Republican presidential candidate John McCain has long prided himself as being a "straight shooter" when talking about himself and his beliefs. The Arizona senator was the darling of independent voters in his 2000 run for the White House by railing against the overbearing influence of lobbyists over members of Congress.
More recently, McCain, who suffered torture as a prisoner of the North Vietnamese during the Vietnam War, angered the Bush administration and conservatives within his own party by being an outspoken opponent of torture against terrorist suspects, eventually forcing the White House in 2005 to accept an amendment McCain wrote to the defense appropriations bill that prohibits inhumane treatment of prisoners, including prisoners at Guantanamo Bay.
The newspaper reported that aides to McCain's 2000 presidential campaign were so worried about the relationship that they confronted McCain and the lobbyist, Vicki Iseman.
The Times story was published just hours after McCain, in what opponents of torture denounced as a damningly hypocritical about-face, voted against a measure that would bar the CIA from using waterboarding and other harsh interrogation methods on terror suspects.
Even more shocking, McCain called on President Bush to veto the bill, which would restrict the CIA to using only the 19 interrogation techniques listed in the Army field manual.
His vote is controversial because the manual prohibits waterboarding, a simulated drowning technique that McCain has long denounced as torture. But incredibly, McCain doesn't want the CIA bound by the manual and its prohibitions.
'My Record Is Clear' on Torture, McCain Says
"I was on the record as saying that they could use additional techniques as long as they were not cruel, inhumane and degrading treatment," McCain said. "So the vote was in keeping with my clear record of saying that they could have additional techniques, but those techniques could not violate" international rules against torture.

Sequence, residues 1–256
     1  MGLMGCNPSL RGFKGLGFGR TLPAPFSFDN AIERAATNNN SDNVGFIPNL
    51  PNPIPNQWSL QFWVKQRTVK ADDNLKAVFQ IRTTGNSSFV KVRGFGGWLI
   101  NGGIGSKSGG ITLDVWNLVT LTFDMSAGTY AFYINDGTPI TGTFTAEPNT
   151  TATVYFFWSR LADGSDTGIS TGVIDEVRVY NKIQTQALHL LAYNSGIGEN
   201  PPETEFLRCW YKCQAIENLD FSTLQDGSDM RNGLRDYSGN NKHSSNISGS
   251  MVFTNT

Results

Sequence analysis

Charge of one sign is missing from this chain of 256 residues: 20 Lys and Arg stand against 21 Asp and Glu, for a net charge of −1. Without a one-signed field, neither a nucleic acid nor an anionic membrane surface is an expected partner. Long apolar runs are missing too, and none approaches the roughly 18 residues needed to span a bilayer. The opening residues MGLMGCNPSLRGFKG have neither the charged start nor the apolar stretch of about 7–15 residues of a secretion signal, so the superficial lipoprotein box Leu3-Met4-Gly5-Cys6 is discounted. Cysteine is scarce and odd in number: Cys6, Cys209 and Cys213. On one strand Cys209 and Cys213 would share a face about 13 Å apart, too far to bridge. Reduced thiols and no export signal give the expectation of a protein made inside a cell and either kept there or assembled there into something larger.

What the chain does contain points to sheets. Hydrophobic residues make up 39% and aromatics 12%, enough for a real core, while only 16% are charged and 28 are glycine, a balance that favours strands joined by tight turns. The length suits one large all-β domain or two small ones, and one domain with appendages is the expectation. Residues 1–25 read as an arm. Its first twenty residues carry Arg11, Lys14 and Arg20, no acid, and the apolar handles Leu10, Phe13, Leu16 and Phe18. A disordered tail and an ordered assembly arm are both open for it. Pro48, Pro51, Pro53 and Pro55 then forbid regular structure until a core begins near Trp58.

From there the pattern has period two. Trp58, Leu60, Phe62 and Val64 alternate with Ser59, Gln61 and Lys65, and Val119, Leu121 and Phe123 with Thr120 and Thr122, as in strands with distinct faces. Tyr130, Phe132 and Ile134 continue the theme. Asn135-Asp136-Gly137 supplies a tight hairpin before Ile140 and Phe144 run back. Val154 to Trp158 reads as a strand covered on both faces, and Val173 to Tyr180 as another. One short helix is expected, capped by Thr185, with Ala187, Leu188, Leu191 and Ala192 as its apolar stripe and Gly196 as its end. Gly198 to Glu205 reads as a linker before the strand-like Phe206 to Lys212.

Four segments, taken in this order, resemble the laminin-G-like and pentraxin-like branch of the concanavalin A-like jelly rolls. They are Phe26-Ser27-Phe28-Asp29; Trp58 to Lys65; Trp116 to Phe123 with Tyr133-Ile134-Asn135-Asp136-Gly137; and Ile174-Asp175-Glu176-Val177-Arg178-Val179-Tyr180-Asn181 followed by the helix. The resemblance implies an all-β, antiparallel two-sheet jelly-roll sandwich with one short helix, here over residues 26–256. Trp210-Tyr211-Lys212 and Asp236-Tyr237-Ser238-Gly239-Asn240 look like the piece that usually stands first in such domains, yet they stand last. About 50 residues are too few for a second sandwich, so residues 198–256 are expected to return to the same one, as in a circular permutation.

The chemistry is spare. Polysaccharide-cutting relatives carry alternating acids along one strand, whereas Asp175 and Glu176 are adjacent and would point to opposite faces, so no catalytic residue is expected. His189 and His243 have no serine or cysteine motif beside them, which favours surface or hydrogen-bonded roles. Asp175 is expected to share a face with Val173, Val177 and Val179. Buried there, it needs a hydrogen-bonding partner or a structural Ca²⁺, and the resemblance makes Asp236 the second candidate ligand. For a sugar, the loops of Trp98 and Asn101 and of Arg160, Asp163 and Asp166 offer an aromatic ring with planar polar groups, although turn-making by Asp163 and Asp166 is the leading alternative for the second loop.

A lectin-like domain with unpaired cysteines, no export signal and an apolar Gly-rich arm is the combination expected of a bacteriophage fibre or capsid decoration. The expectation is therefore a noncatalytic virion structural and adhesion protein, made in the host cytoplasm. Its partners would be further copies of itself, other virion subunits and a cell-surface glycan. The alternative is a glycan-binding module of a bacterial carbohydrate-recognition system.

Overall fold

McCain spokeswoman Jill Hazelbaker noted that McCain believes that waterboarding is already banned by the Detainee Treatment Act of 2005, which includes an amendment he himself wrote barring inhumane treatment of prisoners. The act prohibited cruel, inhuman and degrading treatment for all detainees in U.S. custody, including CIA prisoners.
CIA Director Michael Hayden has said court decisions and current law, including the Detainee Treatment Act, cast doubt on whether waterboarding would be legal now. Hayden prohibited its use in CIA interrogations in 2006; it has not been used since 2003, he said. Justice Department officials have said they haven't resolved the legality of waterboarding since such legislation was passed.
The legislation bars the CIA from using waterboarding, sensory deprivation or other harsh coercive methods to break a prisoner who refuses to answer questions. Those practices were banned by the military in 2006.
McCain: Veto Preferable to 'Signing Statement' Against Bill a President Signs Into Law
President Bush has threatened to veto the legislation, which cleared the House in December and won Senate approval last week. But one supporter of the bill, Senator Charles Schumer (D-New York), warned Bush last week that if he vetoes the measure, he will, in effect, be "in favor of waterboarding."